This course covers a subject that is important in the present and crucial for management success in the future: how to manage in the emerging Information Economy? And what are the differences to more traditional approaches in industry and finance? The course does so by focusing on and projecting the lessons from the sector furthest along in its transformation, that of digital media, information, and communications -- where activities are based on bit-based intangiblesi and knowledge assets, and are globally internetworked.
The course takes an innovative approach, bringing together many of the strands of the entire MBA program and applying them to the digital sector. In doing so, it is also an integrative “capstone course” for the business curriculum and thus useful for future entrepreneurs, investors,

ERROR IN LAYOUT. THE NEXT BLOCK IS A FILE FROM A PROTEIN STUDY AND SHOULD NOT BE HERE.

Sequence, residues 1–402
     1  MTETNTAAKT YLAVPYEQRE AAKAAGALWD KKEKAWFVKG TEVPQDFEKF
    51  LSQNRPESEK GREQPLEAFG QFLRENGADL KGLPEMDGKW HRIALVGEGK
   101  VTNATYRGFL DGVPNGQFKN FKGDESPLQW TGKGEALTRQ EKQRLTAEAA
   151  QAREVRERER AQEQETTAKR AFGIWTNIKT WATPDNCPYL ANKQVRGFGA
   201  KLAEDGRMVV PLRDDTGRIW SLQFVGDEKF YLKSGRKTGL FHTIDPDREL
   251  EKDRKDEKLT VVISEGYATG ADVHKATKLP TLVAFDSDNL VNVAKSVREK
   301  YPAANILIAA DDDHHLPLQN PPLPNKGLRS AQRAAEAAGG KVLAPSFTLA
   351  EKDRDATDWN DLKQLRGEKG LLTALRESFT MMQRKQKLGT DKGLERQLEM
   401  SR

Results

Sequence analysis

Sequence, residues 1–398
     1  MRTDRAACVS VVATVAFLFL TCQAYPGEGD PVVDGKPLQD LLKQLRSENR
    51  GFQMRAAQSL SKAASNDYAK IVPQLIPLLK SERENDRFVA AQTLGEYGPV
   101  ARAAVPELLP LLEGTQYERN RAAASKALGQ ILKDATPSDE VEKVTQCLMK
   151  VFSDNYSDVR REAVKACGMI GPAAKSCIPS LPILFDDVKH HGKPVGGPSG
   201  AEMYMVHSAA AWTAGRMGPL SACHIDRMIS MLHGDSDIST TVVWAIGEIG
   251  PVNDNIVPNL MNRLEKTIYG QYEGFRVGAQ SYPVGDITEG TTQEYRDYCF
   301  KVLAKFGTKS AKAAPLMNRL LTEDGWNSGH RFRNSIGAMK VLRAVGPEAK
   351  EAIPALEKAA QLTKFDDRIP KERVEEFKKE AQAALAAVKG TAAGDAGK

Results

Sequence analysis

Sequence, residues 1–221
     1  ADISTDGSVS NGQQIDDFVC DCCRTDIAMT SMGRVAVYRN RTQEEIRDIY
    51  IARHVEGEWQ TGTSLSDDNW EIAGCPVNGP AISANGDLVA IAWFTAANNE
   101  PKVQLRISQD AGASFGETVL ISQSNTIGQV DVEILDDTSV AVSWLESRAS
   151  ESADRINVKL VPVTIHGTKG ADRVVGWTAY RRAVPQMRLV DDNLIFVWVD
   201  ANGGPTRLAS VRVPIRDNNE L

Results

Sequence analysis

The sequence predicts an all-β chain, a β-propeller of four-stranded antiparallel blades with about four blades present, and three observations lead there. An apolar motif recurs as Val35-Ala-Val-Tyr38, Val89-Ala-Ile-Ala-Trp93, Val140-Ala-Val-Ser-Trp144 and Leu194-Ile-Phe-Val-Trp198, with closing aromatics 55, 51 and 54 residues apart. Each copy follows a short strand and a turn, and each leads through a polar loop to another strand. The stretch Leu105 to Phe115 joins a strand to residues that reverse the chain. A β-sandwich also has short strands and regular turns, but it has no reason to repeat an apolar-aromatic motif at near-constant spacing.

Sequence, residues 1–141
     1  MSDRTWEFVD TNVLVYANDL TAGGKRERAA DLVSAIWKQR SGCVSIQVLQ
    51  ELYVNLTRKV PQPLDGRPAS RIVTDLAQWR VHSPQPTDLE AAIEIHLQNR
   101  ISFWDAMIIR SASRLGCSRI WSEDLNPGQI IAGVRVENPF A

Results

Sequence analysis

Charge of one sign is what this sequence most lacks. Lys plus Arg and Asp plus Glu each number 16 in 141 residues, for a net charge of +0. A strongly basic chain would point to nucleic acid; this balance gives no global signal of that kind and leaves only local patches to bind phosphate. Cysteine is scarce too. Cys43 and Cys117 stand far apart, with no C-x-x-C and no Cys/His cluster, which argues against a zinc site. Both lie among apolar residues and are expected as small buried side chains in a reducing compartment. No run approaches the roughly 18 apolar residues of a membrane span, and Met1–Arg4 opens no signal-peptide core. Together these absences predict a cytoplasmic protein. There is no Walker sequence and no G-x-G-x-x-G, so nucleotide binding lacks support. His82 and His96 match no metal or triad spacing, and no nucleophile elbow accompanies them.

creators, marketers, and advertisers, even if they do not aim for a career in this sector.
The course covers a digital company's major functions (and, by extension, of most companies):
1. The Producing function, including financing, HRM, technology management, and production
2. The Harvesting function, including demand analysis, marketing, distribution, pricing, and
intellectual asset management.
3. The Control function, including accounting, law and strategy.
Paul Garrett Professor of Public Policy and Business Responsibility
Professor Noam focuses on the economics, management, and policy of media, Internet, and communications, both in America and around the world. He served as New York State's Public Service Commissioner regulating the telecommunications and energy industries, on the White House Presidential Board on information technology, and on private sector and NGO boards. His 31 books and over 400 articles cover telecom, film, TV, internet...